You’ve probably heard of melatonin and know that it’s related to sleep and the body-clock. You may have heard of it being used as a treatment for jet lag. You may also have heard about problems relating to sleep and the use of screens in the evening.
In humans, melatonin is mainly produced by a tiny gland in our brain called the pineal gland. The brain’s clock (or the Suprachiasmatic Nucleus for those of you who really want to know) tells the pineal gland when to start pumping out melatonin. Its production depends on whether it’s day or night. Or more importantly, in our modern lives with electric lights – whether it’s light or dark.
Light is picked up by light sensors at the back of the eye. They send messages to the brain informing it that it’s daytime and that it should stop producing melatonin. In the evening the eye tells the brain there’s less light and melatonin starts to be produced. As the evening goes on, levels increase.
Melatonin helps us fall asleep and to sleep well, but it does much more than that. It’s an antioxidant and prevents damage to tissues in our body and brain. It tells the rest of our body when it’s night-time including other hormones like insulin, the adrenal gland hormones and reproductive hormones. It is part of the system which controls the sugar and fat balance within our body. It also helps our immune system function.
Problems with melatonin levels may therefore have an impact on blood sugars and energy balance generally. Our ability to get rid of potentially harmful compounds in the body from its antioxidant effect may be reduced.
It’s not just humans who produce melatonin. It’s also found in fungi, yeast, fish, birds, reptiles and mammals. In animals the seasonal changes in the length of the days and nights result in an important increase or decrease in melatonin. The amount of melatonin tells the animal’s body what season it is, allowing it to adapt. For instance increasing appetite and food intake in the spring and summer in preparation for hibernation.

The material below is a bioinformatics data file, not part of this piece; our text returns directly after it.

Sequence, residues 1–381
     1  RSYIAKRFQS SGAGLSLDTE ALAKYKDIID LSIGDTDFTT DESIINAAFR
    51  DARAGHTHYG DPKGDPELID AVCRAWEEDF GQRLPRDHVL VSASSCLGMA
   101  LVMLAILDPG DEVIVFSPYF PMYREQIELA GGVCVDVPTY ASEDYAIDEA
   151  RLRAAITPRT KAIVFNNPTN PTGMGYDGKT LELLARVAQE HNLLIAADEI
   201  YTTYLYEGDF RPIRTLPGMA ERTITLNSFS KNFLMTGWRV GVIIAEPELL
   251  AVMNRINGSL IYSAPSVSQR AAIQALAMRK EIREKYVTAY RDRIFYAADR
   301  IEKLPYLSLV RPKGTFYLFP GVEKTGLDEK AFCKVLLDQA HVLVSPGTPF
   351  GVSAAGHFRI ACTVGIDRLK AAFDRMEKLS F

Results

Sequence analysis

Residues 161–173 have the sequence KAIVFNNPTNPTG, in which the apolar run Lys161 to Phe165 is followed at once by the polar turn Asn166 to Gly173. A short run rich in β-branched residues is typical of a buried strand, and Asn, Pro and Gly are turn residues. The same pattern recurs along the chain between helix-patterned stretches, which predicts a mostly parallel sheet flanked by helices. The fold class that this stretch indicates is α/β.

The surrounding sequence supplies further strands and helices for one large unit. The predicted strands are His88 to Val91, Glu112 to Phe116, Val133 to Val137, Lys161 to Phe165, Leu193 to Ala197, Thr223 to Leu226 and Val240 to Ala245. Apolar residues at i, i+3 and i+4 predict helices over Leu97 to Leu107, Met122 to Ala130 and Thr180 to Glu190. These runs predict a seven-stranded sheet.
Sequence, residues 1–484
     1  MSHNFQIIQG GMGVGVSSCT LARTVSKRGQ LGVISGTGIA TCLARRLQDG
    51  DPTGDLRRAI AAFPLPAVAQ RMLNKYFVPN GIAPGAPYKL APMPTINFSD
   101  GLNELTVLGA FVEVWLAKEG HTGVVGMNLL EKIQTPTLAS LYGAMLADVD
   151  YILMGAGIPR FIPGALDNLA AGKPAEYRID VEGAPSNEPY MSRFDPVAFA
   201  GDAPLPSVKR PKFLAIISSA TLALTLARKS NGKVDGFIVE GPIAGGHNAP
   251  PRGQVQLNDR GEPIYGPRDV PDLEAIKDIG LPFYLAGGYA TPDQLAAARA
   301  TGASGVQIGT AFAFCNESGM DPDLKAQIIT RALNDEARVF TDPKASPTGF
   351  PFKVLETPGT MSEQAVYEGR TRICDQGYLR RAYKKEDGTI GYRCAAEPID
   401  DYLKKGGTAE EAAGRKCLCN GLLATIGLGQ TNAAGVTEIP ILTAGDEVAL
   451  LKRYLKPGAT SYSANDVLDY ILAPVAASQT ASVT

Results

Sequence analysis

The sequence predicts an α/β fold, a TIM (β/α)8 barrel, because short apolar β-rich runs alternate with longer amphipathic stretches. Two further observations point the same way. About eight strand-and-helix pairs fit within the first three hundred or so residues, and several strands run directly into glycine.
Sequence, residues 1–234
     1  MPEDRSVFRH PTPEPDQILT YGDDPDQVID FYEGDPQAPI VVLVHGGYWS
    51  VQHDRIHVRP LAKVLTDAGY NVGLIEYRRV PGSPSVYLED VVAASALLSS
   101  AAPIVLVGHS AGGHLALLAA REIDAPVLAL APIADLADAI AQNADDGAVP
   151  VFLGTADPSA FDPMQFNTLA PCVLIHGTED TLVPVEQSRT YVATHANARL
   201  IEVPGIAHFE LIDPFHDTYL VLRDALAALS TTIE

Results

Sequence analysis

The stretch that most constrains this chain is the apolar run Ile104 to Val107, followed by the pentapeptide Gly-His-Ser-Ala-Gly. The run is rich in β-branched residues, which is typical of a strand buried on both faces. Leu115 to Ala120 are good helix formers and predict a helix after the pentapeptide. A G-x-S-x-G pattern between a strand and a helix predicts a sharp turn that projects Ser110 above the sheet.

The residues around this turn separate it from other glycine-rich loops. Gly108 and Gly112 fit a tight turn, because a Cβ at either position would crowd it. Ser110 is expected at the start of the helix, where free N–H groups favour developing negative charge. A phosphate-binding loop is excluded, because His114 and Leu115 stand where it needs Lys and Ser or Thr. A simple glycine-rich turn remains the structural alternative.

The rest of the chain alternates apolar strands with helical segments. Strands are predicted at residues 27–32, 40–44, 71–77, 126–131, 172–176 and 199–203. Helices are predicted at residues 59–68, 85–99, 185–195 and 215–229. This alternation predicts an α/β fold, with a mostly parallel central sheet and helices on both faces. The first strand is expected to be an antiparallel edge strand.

Melatonin medication has a number of uses. As we mentioned at the start it can be used if the day/night balance is disrupted by jet lag. It can be effective to improve insomnia in the elderly. It’s also used to help sleep routine in children with autism or attention deficit hyperactivity disorder (ADHD)
It’s being studied in various situations because of it’s role in regulating the immune system and it’s antioxidant properties for instance in Alzheimers disease, Multiple Sclerosis and Ulcerative Colitis. It’s also being studied in relation to it’s potential positive impact on body weight and glucose (sugar) control.
Levels tend to drop as we get older. Lower levels are also associated with diabetes if sugars are running high and with obesity.
Finally, there’s one other important cause of low melatonin that is potentially easy to fix and that is exposure to light at night. The electronic devices that are all around us are of particular concern as the screens often emit high levels of blue light – the same kind of light that is emitted by the sun. The blue light can delay the onset of melatonin production at night-time and prevent its levels from rising properly. It’s really important to be aware of this from our own perspectives and also from that of our kids.